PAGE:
Fatal Affair had such promise.  The plot synopsis was pretty good: Dead US Senator found at the Watergate by his chief of staff (COS)/best friend.  The cops are called in and COS recognizes the cop in charge as the one that got away.  The two work together to solve the murder and fall in love.  To be fair, the book isn’t all that bad, but I just couldn’t connect to either of the main characters, and I couldn’t figure out why they felt a connection.  These two were actually very blah characters.

Sam reminds me a lot of Eve Dallas from the In Death novels, but without the personality or the crappy childhood.  She is a good cop, who has just come off of a really bad case, during which a little boy was killed by a cop.  The entire city blames Sam–hell, Sam blames Sam.  The only people that don’t blame her are her boss, her family, and Nick, who knew her all of one night six years earlier.

Nick is your everyday, cookie cutter Beta hero, although Nick would rather be an Alpha.  He is a desk jockey, who went to Harvard with the dead senator, but every time he is with Sam he tries to help her–in one instance he catches someone watching her house and instead of telling her he runs out of the house, nearly getting himself run over by a car, and making it easy for the guy watching them to get away.  There’s another time when he and Sam are out walking around the local market and the deranged aunt of the little boy that got killed during Sam’s last case shows up with a gun.  Sam pushes Nick out of the way to stop the woman and Nick blows up at her for saving him from a bullet.  Let me get this straight, Sam is a decorated cop, but Nick, because he is the man, feels like he should be the one doing the saving.  That makes sense.  In upside-down world.  But here in right side-up world, the cop does the saving even if she is a woman.  Nick is just going to have to get used to it.

My problem wasn’t just with the main characters–the dead guy is also a bit of a huge douche.  He is the youngest son of a Kennedy-esque family, who took over his father’s seat in the Senate after his older brother was arrested for a DUI a few weeks before he was to take over.  John–the dead guy–has a lot of secrets, and not even Nick is aware of them.  He’s into really rough sex with as many women as possible.  He’s got a 20 year old son (he’s only 36–and you would think that the fact that he abandoned the kid and his mother would bother Nick seeing as that was basically what happened to him, although Nick was abandoned by both of his parents and raised by his grandmother, who wasn’t all that keen on raising him either).  Also, he seems to be addicted to porn.  And yet, everywhere you turn, everyone is telling you how much of a good guy John is.  For example:

From the very earliest hours of his youngest child’s life, Graham had seen in him the special something that inspired so many others to love him, too.

Force, Marie (2010-05-26). Fatal Affair: Book One of the Fatal Series (Kindle Locations 367-368). Carina Press. Kindle Edition.

Then, he goes on to say:

The sound of his older son’s voice filled Graham with disappointment and despair. God help him for thinking such a thing, but if he’d had to lose one of his sons why couldn’t it have been Terry instead of John?

Force, Marie (2010-05-26). Fatal Affair: Book One of the Fatal Series (Kindle Locations 369-370). Carina Press. Kindle Edition.

No wonder he thinks John is a great guy–he’s a real prince, himself.

For the most part, the writing is pretty good, although there are some glaring issues with continuity.  Remember the two quotes from above?  Well, Ms. Force doesn’t.  Either that or in her world only the eldest son can go into the family business.  Maybe she’s living in an historical romance novel instead of a contemporary one?  Here’s a bit of dialogue in which Nick tells Sam how Terry (John’s older brother) was groomed to be a senator.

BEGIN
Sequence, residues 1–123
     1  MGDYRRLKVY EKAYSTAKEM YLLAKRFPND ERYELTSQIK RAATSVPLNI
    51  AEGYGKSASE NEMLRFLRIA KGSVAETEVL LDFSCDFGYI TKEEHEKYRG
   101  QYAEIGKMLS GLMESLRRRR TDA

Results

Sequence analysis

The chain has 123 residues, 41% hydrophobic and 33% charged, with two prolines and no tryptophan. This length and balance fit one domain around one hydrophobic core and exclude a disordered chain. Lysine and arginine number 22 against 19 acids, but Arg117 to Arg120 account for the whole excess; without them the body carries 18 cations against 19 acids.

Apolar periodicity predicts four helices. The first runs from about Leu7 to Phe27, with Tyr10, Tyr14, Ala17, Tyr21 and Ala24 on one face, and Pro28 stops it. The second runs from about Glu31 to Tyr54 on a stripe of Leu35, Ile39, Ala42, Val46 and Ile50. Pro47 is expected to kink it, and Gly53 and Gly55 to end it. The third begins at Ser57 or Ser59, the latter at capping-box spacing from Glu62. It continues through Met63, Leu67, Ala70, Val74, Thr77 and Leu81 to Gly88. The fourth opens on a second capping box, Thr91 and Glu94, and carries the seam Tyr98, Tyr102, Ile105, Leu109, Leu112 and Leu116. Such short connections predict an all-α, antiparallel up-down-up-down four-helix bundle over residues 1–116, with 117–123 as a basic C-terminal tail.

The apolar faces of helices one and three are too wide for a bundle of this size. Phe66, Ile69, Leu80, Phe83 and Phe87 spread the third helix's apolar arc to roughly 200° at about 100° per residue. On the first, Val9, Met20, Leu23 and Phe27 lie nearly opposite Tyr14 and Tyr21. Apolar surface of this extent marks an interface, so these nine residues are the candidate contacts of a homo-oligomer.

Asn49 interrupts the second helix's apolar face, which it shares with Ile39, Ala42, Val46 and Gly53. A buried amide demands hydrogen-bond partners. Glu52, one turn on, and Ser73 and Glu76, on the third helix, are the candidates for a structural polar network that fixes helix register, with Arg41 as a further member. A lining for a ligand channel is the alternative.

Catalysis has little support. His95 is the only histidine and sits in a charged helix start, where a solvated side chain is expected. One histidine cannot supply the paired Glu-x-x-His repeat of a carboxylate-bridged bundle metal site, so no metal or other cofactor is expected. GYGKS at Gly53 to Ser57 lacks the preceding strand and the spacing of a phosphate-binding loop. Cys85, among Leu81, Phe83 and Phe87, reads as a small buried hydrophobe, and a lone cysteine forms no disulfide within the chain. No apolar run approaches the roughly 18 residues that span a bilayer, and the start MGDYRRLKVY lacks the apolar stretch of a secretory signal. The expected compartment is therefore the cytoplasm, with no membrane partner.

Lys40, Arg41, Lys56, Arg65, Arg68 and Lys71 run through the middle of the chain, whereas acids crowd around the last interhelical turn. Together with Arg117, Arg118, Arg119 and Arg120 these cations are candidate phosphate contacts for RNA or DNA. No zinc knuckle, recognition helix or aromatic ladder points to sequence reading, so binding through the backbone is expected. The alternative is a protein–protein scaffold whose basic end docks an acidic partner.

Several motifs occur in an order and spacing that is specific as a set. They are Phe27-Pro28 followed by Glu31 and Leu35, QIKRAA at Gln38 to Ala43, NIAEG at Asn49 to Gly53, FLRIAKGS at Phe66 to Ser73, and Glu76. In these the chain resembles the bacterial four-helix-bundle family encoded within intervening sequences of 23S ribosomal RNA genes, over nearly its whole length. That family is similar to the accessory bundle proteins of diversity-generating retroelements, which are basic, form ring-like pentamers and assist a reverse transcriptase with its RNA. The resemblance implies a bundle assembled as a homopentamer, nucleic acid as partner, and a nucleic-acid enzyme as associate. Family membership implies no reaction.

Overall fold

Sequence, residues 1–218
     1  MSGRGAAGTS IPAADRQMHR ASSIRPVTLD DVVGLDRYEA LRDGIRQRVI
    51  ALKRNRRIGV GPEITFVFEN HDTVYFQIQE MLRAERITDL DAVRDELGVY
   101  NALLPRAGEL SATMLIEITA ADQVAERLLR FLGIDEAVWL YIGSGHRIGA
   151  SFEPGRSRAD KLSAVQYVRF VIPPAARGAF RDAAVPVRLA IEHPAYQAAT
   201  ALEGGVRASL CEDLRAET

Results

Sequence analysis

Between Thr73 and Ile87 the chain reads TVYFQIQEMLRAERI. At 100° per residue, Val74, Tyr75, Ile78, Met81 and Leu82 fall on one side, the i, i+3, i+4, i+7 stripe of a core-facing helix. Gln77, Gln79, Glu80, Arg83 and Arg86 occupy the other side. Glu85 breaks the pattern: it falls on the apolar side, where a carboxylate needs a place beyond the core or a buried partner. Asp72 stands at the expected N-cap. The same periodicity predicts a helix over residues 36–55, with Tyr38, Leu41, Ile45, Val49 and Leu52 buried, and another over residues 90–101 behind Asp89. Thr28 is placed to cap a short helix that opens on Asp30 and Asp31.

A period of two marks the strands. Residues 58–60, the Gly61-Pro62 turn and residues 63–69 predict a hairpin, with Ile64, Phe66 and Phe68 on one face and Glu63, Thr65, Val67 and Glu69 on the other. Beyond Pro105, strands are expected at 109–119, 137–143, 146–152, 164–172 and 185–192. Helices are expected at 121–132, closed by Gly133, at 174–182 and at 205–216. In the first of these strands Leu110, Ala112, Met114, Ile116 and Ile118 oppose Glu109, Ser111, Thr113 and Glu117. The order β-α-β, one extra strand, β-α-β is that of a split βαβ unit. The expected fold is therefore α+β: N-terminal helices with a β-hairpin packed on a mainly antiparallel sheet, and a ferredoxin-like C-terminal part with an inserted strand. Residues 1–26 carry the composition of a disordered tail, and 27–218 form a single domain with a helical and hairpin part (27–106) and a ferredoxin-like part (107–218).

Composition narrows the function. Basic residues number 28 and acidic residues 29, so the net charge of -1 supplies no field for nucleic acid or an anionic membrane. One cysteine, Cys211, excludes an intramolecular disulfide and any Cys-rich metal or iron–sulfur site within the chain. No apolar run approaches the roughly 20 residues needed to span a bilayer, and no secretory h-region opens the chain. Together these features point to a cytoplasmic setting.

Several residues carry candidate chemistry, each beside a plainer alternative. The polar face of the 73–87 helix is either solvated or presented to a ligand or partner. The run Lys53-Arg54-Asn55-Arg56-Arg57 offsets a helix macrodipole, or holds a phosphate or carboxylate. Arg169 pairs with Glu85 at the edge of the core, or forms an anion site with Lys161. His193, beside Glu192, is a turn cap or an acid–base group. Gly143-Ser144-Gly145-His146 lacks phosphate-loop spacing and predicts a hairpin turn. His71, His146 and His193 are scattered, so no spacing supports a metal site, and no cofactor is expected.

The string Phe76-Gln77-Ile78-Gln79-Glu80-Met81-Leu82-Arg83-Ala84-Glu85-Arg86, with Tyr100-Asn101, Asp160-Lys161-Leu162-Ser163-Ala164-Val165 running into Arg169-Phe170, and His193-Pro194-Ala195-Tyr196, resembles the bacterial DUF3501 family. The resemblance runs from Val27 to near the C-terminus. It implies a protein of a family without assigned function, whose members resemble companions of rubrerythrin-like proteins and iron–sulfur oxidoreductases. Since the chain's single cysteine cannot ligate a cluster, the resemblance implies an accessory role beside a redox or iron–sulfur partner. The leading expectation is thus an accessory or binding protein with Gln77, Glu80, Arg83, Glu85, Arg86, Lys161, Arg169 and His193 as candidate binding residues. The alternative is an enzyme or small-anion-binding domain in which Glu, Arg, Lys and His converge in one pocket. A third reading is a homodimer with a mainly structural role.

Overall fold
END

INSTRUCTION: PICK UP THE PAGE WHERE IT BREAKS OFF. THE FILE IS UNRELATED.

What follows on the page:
“John was a reluctant senator. He used to joke that he was Prince Harry to Terry’s Prince William. Terry was the anointed one, groomed all his life to follow his father into politics. While Terry always lived in the public eye, John had a relatively normal life. For some reason, the press took an unusual interest in Terry’s comings and goings. His name was mentioned on the political and gossip pages almost as often as his father’s, and this was long before his father announced his retirement.”

Force, Marie (2010-05-26). Fatal Affair: Book One of the Fatal Series (Kindle Locations 710-713). Carina Press. Kindle Edition.

Now, if John was so special, why would he have been the one to be groomed to fill Graham’s senate seat from the very beginning?  Why was he second fiddle to Terry, the son Graham wished had died in John’s place.

Then, there is this:

His cheek pulsing with emotion, Nick nodded.

Force, Marie (2010-05-26). Fatal Affair: Book One of the Fatal Series (Kindle Location 4528). Carina Press. Kindle Edition.

How exactly does that work?  I’ve read some interesting things in romance novels–eyes/eye brows that communicate, noses that flair in desire, erections that bounce at the least provocation, but this?  I don’t think I’ve ever heard of a cheek pulsing–and if one ever did, it doesn’t sound like it would be very pleasant.  I would expect a bunch of blood and puss to come flying out of it.  Not, exactly what Ms. Force wanted to convey with this, but there you go.

In the end, I just didn’t care enough to finish this book.  DNF, No stars.

Elizabeth

Romance novels have been a part of my life since I was 14 years old and one of my neighbors dropped off a laundry basket full of Harlequins. From that day on, my nose was always in a book. I started my first review site in 2013, but took some time off for personal issues in 2018.

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